The sixth year signal-caller was poised and comfortable in Kelly’s up-temp offense, looking like the quarterback who defeated Carson Palmer, Philip Rivers, Peyton Manning, and Tom Brady in playoff games during his first two years in the league and nothing like the deer-in-headlights quarterback who lost his way during his final two years with the Jets.

Consider me as surprised as anyone. I never had any major reason to dislike Sanchez but watching how bad things had gotten for him had almost become a must-see circus from afar. Nothing would top the butt fumble, but you started tuning in just to see what crazy turnover he would commit next.

Needless to say, I was not excited when the Eagles signed him. I had been decently high on Matt Barkley going back to when the birds drafted him. In Kelly’s system, a quarterback needs to be a good, quick decision-maker above all, and Sanchez, with 95 turnovers over four seasons, was far from that.

As I alluded to earlier in the fake conversation, I thought a guy like Colt McCoy — who has a lesser resume but also fewer turnovers — would have been a solid pick if they didn’t give the job to Barkley.

Even as training camp started, I held out hope that Barkley would be able to beat Sanchez out. I really don’t think Barkley played poorly either, but it became crystal clear during the opening game against the Bears, that I was not going to get my wish.

I was wrong, and unlike pond scum hack Mike Freeman, I will try to admit when I am wrong about something.

Sanchez right now looks like a great signing for 2.25 million dollars and one of the best backup quarterback options in the NFL.

Eagles Mark Sanchez
Cowboys Brandon Weeden
Giants Ryan Nassib
Redskins Kirk Cousins
Packers Matt Flynn
Bears Jimmy Clausen
Lions Dan Orlovsky
Vikings Teddy Bridgewater
Panthers Derek Anderson
Saints Luke McCown
Bucs Mike Glennon
Falcons T.J. Yates
Seahawks Tarvaris Jackson
49ers Blaine Gabbert
Cardinals Drew Stanton
Rams Shaun Hill
Patriots Jimmy Garoppolo
Dolphins Matt Moore
Jets Michael Vick
Bills Thaddeus Lewis
Bengals Jason Campbell
Steelers Bruce Gradkowski
Ravens Tyrod Taylor
Browns Johnny Manziel
Colts Matt Hasselbeck
Titans Charlie Whitehurst
Jaguars Blake Bortles
Texans Case Keenum
Broncos Brock Osweiler
Chiefs Chase Daniel
Chargers Kellen Clemens
Raiders Derek Carr

What we have in that chart is a list of all the projected backup quarterbacks in the league. The 32 of them combine for 12 playoff wins. Matt Hasselbeck owns five, Michael Vick has two, T.J. Yates is responsible for one, and Sanchez has four.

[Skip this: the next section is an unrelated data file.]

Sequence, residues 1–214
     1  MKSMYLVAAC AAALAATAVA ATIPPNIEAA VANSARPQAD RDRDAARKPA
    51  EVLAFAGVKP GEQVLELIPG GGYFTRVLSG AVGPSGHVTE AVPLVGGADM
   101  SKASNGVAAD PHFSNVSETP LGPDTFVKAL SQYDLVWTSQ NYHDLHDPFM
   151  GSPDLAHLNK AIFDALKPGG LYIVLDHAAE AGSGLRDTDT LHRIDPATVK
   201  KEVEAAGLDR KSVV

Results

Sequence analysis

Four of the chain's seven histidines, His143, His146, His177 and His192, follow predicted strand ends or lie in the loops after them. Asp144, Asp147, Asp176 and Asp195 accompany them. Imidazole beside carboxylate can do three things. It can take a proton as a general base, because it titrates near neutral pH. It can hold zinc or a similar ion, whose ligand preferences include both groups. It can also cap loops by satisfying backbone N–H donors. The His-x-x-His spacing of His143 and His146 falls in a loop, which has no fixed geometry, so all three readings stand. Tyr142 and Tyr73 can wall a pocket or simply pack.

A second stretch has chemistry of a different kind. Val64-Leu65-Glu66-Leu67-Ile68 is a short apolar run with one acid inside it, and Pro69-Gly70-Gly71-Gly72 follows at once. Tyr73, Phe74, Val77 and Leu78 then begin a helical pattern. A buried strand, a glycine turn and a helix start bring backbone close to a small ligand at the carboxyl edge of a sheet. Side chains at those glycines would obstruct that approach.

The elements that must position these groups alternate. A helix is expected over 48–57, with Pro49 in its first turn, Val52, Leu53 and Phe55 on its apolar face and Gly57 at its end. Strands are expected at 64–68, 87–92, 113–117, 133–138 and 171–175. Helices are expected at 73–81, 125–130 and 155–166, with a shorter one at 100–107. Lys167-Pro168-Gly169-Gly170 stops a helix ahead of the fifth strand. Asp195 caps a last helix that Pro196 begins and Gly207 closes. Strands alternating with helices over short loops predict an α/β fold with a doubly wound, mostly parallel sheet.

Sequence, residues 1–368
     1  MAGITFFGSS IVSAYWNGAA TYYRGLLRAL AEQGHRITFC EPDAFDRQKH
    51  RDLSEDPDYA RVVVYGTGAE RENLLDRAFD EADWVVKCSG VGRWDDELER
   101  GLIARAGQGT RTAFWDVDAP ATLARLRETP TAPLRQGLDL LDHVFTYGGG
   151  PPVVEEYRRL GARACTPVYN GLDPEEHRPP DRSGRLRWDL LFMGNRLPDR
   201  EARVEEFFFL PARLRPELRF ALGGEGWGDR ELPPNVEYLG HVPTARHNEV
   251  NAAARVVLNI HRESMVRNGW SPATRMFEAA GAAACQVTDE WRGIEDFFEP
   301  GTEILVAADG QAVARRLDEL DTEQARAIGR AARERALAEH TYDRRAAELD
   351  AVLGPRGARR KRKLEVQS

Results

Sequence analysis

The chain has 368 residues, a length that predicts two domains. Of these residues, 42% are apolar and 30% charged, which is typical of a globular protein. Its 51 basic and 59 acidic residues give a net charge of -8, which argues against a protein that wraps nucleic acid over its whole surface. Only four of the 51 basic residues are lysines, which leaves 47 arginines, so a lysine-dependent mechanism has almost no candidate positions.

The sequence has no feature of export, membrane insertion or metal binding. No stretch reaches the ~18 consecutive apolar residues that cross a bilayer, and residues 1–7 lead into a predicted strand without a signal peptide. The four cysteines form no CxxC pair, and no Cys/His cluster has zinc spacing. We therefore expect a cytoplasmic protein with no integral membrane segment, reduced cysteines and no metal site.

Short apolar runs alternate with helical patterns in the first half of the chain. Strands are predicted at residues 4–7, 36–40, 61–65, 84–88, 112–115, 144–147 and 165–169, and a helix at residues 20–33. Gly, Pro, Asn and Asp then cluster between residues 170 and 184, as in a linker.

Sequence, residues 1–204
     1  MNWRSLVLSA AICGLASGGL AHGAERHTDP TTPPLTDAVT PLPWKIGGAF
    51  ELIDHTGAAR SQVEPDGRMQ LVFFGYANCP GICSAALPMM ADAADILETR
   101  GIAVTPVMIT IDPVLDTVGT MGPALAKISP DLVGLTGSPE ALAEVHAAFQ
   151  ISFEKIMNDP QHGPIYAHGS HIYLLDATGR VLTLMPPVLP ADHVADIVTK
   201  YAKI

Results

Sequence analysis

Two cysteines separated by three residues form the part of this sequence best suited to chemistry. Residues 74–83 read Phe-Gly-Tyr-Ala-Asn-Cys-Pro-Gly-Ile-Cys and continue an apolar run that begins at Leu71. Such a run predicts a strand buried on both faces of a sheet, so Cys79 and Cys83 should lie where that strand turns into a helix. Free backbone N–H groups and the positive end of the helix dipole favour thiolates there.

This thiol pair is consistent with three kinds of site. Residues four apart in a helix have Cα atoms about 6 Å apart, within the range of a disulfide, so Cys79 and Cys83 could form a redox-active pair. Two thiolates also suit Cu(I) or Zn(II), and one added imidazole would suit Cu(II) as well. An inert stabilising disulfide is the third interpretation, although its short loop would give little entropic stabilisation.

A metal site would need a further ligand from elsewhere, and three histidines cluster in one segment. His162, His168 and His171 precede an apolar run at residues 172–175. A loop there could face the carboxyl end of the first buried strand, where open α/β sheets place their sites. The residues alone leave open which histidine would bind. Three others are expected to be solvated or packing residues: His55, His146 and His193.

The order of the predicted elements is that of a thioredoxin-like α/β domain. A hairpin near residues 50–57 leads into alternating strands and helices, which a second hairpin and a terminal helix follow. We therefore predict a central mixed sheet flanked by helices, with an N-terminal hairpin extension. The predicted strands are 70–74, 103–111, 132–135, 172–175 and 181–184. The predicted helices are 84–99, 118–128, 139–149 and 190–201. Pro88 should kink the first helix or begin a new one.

If you are high on rookies like Blake Bortles, Johnny Manziel, Teddy Bridgewater, and Jimmy Garoppolo, you could say that they are better options than Sanchez, but once the first three become starters, it is tough to make a solid case that Chad Henne, Brian Hoyer, and Matt Cassel are better.

No one on that list can say they have out-dueled two future Hall of Fame quarterbacks en route to road playoff victories.

After being left hung out to dry with no competent weapons and a defensive oriented staff in New York, Sanchez again looks like a capable quarterback with guys like Jordan Matthews, my dude Zach Ertz, James Casey, and Arrelious Benn to sling the ball to.

The bad Sanchez flashed at one point against the Patriots with an ill-advised throw into double coverage intended for Casey that resulted in an interception, but mistakes have been few and far between.

All of a sudden, Sanchez is an asset again after being an afterthought as recently as five months ago. The best part is that other teams know it too. The Rams just lost starter Sam Bradford to a torn ACL and in the past have been on record as wanting Sanchez.

This is what I am referring to when I constantly say on Twitter that the Eagles’ bottom half of the roster is the best it has been in quite some time. Talent at a few starting positions probably needs to improve before they can really challenge the Seahawks in the NFC, but depth is a valuable thing, and they have reserve players who could start for other teams.

It sounds like Sanchez doesn’t want the Rams though as much as they might want him, and the Eagles have no reason to move him unless the Rams absolutely blow them away. Sanchez, of course, wants to be a starter again, but why be in such a hurry to leave the coaching staff that is helping to save your career?

Sanchez Tweet

Some folks will want to see Sanchez show competency in a regular season game before they believe this is for real, however, I think some quarterback needy teams would be willing to take a chance even if they never get to see that.

In a perfect world, they won’t. I believe Nick Foles is way better than Sanchez. Therefore, I won’t go as far as saying ‘Foles could get hurt and the offense won’t miss a beat,’ but I do now believe that Sanchez could step in for a week or two, move the offense, and win a game if the Eagles needed him. I didn’t think that a month ago.

It appears I was wrong, and as weird as it is for me to see him in a different shade of green, I couldn’t be happier about being wrong here.

The ideal outcome is that Sanchez will carry a clipboard throughout the season and then take what he learned here and sign somewhere in the offseason where he can really compete to be a starter again.

If Chip Kelly stays in the NFL long enough, his influence will touch many people and places. His Year 1 offense already set several Eagles records. Other organizations are already trying to catch up to him when it comes to the sports science department and play-calling. His coaching tree has already started to grow with Bill Lazor going from Eagles quarterbacks coach to Dolphins offensive coordinator, hired to try to take what he learned from Kelly and apply it elsewhere.

The last paragraph and Kelly’s resume will only grow as the years go by. Hopefully there is a Super Bowl on it soon that will sit at the top, but rebuilding Mark Sanchez?

That wouldn’t be too far behind.